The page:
Five things your bank will never ask you to do

Harriet Meyer / 17 September 2015 ( 02 November 2016 )

Can you tell the difference between a genuine request from your bank and a scam? Read our guide to things a bank will never ask you to do but a criminal might.



Fraudsters use every opportunity available to get your personal details – including pretending to be your bank, whether by telephone, internet, or email.

These tricks can seem convincing and, if you don’t have your wits about you, the worst scenario could see your account emptied.

Here are five things that your bank will never ask you to do – but fraudsters might:

Worried you have been targeted by a scammer? Check your bank statements and credit report (free 30-day trial here*) for unusual activity. 

1. Ask you for your full PIN or passwords

Sometimes your bank might have good reason to contact you – to check for suspected fraudulent activity on your account, or a change of address, for example.

However, it won’t ever ask you for your full PIN or online passwords. It has plenty of other means of checking your identity without resorting to these details.

Any form of communication where you’re asked for these details should be treated as highly suspicious, and reported to your bank.

Read our guide to scams that steal your identity

2. Hand over cards or cash to someone sent to your home

After getting hold of your PIN and other details from you on the phone, fraudsters may follow this up by sending someone to collect the card or cash relating to the account.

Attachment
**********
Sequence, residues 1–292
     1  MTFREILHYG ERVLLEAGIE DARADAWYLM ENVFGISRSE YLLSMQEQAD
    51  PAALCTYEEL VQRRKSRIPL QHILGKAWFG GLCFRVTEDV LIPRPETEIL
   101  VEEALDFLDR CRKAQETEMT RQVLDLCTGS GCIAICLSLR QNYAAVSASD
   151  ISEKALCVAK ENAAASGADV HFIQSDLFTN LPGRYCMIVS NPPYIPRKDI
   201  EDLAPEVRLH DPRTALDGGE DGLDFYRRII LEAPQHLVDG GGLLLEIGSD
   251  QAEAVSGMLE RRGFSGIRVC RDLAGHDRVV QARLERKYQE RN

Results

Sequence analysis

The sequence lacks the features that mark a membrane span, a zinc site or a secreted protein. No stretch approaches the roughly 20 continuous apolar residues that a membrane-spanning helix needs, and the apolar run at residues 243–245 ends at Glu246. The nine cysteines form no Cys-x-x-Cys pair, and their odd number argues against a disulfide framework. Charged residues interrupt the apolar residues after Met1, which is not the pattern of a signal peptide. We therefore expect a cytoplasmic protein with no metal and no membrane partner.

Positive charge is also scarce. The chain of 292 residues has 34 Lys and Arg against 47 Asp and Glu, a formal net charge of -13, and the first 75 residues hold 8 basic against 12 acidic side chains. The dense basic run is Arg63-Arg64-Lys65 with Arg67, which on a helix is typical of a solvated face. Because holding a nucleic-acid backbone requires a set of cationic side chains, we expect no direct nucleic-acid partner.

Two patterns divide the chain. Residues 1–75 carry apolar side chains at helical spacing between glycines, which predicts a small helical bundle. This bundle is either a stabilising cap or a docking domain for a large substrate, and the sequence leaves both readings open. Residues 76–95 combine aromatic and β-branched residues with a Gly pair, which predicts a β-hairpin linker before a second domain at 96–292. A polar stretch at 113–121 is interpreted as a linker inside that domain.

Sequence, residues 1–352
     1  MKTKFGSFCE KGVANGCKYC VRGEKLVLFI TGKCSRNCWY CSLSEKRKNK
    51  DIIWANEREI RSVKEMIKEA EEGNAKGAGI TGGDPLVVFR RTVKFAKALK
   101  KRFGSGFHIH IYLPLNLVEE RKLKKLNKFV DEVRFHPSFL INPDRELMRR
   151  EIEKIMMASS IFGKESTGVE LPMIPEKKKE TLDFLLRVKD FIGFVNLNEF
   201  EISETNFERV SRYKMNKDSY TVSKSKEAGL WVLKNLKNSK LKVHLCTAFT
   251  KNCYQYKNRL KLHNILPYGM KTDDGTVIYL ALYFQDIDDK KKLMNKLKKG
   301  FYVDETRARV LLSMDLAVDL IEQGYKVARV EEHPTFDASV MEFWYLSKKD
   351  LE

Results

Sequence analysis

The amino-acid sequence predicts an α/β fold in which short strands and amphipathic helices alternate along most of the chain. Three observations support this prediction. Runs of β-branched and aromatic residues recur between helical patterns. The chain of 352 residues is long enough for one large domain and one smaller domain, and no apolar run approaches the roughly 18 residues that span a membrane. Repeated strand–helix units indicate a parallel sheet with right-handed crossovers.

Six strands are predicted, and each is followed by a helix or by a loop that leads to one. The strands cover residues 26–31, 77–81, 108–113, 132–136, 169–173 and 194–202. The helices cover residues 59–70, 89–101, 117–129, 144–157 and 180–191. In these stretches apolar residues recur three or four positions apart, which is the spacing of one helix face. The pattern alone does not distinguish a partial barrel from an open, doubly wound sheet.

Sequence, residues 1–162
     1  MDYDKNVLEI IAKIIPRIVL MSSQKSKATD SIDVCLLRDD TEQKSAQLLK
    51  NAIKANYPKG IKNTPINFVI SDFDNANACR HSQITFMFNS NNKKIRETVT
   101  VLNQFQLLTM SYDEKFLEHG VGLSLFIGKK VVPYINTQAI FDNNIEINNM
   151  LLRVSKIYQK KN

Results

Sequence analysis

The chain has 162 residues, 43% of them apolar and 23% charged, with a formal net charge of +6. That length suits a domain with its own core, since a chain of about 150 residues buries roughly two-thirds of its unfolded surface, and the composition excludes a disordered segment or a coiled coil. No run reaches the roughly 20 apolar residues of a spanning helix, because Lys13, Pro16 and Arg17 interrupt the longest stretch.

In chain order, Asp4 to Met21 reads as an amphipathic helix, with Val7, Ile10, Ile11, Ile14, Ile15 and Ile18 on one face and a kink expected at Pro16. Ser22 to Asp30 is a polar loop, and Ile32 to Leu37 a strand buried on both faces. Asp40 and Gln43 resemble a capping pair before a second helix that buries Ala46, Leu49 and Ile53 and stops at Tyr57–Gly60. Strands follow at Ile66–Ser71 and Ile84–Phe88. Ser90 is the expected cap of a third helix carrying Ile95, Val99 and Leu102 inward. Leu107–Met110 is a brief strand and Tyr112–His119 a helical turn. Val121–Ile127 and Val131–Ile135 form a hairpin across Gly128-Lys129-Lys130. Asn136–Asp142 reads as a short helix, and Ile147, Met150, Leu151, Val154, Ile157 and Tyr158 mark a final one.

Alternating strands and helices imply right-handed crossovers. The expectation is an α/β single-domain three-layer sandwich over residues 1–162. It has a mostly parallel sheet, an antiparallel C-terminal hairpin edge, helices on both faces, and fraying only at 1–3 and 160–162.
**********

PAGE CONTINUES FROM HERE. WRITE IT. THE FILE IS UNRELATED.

Never hand over your card to a stranger on the doorstep. This may sound obvious, but fraudsters can spin a good yarn about your account being in danger to prompt you to do so.

How to protect yourself from bogus callers

3. Ask you to text or email your account details

Beware of this common tactic. Even if an email appears to be an official one from your bank, ignore it. If you’re in doubt, call your bank and report the email.

Also remember that if you use mobile banking, your bank won’t offer its services through any apps aside from its official one – so follow the official link to download it.

Not sure if that email could be a scam? Read our guide.

4. Ask for your bank details by sending a link to a website

This is a common ‘phishing’ scam. You receive an email with a link to a website that asks for your online banking details. Avoid clicking on any link that appears to be in an email from your bank.

Again, call and report this, as your bank would never make such a request.

5. Ask for a transfer of funds to a ‘safe’ account

Another less common tactic is to imply that your account is at risk from a criminal. In this case, you may be asked to make a transfer to a ‘safe account’ – the fraudster’s.

For more information on common scams go to the British Bankers’ Association (BBA).

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The opinions expressed are those of the author and are not held by Saga unless specifically stated.

The material is for general information only and does not constitute investment, tax, legal, medical or other form of advice. You should not rely on this information to make (or refrain from making) any decisions. Always obtain independent, professional advice for your own particular situation.